As soon as the world finds out you’re pregnant, especially if it’s with your first child, you will be blasted from all sides with recommendations of “products every parent needs.” Family will ask if you have the latest nursing pillow, friends will offer to “help you scan” (that is, tell you exactly what they want you to register for) at Buy Buy Baby, companies you’ve never heard of will mail you coupons for merchandise you didn’t know existed.
According to GlobeNewswire, the global baby products market is set to reach $US15.6 ($22) billion annually by 2026 — and expectant, anxious parents are the perfect target for its marketing. As much fun as it is to go on a buying spree while expecting so you can “feel prepared,” (haha) remember that every purchase has a built-in expiration date: Kids grow so fast, that a lot of pregnancy and baby swag is completely unnecessary. Behold: a potentially controversial list of bullshit baby items you absolutely do not need to buy.
Maternity support belts
These wide, tube-top looking strips of spandex/nylon are designed to hold up pre-pregnancy pants around ever-growing bellies so expectant mums don’t have to buy a maternity wardrobe. (The “belt” is not to be confused with more firm “belly bands” that can actually support your lower back and reduce joint pain.) The idea is thus: simply unzip your pre-natal jeans, wrap this thing around your waist, and boom — those old clam diggers are now retro-fitted for your current body. Seamless, adjustable, and stretchy. It sounds like it should work, right?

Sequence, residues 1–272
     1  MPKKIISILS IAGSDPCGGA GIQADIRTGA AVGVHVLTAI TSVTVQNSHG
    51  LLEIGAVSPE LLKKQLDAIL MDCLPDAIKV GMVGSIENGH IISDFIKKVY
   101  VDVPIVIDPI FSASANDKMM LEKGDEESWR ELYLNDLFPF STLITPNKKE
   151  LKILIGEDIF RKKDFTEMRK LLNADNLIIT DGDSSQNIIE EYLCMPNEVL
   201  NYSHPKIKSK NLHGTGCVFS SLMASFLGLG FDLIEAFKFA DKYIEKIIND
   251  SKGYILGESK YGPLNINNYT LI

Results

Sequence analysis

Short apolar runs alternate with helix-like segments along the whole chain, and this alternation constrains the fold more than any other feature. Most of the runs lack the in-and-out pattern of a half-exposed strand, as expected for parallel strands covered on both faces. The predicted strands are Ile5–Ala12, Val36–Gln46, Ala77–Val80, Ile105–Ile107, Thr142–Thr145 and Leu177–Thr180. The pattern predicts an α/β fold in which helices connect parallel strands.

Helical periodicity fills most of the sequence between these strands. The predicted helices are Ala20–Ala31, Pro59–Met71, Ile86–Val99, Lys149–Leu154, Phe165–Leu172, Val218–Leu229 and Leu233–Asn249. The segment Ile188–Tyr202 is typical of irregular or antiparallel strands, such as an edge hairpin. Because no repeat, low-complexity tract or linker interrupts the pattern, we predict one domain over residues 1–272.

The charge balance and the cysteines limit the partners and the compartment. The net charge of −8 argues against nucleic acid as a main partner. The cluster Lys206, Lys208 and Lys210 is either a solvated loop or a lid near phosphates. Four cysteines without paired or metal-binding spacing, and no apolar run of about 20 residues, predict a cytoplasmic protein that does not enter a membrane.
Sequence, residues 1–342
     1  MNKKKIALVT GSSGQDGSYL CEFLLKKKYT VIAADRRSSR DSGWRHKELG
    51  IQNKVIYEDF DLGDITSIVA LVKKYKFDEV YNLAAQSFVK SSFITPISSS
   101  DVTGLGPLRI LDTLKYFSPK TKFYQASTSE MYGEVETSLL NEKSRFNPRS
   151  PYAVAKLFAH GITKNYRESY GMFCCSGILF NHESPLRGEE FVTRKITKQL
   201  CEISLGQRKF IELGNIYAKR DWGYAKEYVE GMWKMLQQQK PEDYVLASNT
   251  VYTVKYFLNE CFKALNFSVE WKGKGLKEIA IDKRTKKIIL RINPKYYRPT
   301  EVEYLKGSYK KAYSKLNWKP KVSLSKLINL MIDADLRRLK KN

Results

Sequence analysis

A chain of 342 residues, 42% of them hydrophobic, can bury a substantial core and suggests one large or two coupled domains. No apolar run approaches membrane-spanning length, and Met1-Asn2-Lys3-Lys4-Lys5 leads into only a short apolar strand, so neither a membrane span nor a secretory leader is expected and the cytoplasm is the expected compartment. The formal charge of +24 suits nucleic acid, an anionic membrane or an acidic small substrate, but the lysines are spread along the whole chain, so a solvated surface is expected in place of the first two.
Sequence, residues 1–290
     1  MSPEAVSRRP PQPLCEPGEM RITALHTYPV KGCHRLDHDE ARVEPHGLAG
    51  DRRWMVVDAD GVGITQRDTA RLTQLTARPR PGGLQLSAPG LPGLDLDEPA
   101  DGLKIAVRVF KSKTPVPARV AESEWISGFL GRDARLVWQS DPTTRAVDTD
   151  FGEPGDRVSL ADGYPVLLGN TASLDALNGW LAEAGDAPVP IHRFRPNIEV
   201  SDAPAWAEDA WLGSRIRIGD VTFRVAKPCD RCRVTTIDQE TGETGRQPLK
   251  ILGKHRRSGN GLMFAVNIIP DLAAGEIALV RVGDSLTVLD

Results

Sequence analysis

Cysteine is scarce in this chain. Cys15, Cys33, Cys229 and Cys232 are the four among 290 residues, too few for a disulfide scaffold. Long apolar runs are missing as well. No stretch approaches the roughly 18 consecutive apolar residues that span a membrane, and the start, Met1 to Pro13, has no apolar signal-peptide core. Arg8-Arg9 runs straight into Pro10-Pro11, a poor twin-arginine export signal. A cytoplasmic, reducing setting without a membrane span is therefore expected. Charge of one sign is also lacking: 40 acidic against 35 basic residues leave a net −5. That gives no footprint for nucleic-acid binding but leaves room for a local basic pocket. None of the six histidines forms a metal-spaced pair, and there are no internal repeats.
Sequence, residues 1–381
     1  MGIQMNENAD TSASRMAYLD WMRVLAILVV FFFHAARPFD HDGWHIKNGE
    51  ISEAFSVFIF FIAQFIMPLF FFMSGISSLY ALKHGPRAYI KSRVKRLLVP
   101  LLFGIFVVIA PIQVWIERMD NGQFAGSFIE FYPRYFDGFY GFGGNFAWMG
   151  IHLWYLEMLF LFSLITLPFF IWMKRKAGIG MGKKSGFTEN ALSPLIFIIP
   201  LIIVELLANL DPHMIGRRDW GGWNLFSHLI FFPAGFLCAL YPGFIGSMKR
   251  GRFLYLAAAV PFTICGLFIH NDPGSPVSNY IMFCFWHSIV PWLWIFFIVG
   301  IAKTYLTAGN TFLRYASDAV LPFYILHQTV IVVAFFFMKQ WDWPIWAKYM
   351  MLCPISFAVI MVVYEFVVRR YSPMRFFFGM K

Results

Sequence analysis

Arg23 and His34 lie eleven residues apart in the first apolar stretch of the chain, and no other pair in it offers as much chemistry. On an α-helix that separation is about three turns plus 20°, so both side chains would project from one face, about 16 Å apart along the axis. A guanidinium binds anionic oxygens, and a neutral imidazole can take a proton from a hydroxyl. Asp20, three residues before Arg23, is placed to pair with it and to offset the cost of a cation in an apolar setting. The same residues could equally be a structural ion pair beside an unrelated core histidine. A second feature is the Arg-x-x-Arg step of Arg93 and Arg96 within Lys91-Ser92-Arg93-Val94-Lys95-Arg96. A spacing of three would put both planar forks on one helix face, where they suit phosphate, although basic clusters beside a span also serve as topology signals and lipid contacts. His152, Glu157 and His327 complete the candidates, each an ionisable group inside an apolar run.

For some women, maybe. But when we tried, all we got were pants with droopy, saggy butts. The band wasn’t tight enough to hold up the pants through walking, sitting, and stretching, and it wasn’t comfortable to have the hardware (buttons and zippers) smushed up against our bellies. Additionally, there is some medical concern that these compression bands may impair proper blood circulation. Our advice: skip the belt and invest in some cheap maternity khakis from Old Navy or Target. Your mid-section will thank you.
Expensive stretch mark creams